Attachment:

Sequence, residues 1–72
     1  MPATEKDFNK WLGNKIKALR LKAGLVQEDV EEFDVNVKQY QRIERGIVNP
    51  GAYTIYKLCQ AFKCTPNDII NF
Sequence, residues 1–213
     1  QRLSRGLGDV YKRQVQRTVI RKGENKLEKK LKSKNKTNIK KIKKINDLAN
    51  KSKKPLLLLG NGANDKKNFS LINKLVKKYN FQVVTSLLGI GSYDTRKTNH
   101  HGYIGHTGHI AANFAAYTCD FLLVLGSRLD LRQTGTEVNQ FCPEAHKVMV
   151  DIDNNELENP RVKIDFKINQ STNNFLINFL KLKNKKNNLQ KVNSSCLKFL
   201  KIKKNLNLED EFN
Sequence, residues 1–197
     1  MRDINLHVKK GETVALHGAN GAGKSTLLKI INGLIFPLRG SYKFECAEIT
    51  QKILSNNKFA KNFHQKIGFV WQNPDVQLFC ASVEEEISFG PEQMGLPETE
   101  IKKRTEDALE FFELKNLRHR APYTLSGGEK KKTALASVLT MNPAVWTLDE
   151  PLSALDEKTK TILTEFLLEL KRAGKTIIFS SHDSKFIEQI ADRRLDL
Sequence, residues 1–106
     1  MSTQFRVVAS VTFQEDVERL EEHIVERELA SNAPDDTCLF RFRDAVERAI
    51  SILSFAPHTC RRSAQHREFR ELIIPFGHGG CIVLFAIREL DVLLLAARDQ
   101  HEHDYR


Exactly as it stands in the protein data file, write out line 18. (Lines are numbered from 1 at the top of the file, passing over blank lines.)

   101  HEHDYR